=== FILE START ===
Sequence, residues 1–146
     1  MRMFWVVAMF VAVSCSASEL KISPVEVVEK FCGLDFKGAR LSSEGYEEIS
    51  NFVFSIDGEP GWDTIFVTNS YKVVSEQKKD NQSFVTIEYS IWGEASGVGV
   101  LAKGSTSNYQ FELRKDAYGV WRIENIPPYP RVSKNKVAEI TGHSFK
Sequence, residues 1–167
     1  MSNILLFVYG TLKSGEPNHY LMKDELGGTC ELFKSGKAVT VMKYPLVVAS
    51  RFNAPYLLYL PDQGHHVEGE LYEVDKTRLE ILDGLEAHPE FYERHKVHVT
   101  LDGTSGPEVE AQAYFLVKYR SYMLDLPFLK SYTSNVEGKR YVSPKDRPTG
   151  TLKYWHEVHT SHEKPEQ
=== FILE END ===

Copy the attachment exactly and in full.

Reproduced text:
Sequence, residues 1–146
     1  MRMFWVVAMF VAVSCSASEL KISPVEVVEK FCGLDFKGAR LSSEGYEEIS
    51  NFVFSIDGEP GWDTIFVTNS YKVVSEQKKD NQSFVTIEYS IWGEASGVGV
   101  LAKGSTSNYQ FELRKDAYGV WRIENIPPYP RVSKNKVAEI TGHSFK
Sequence, residues 1–167
     1  MSNILLFVYG TLKSGEPNHY LMKDELGGTC ELFKSGKAVT VMKYPLVVAS
    51  RFNAPYLLYL PDQGHHVEGE LYEVDKTRLE ILDGLEAHPE FYERHKVHVT
   101  LDGTSGPEVE AQAYFLVKYR SYMLDLPFLK SYTSNVEGKR YVSPKDRPTG
   151  TLKYWHEVHT SHEKPEQ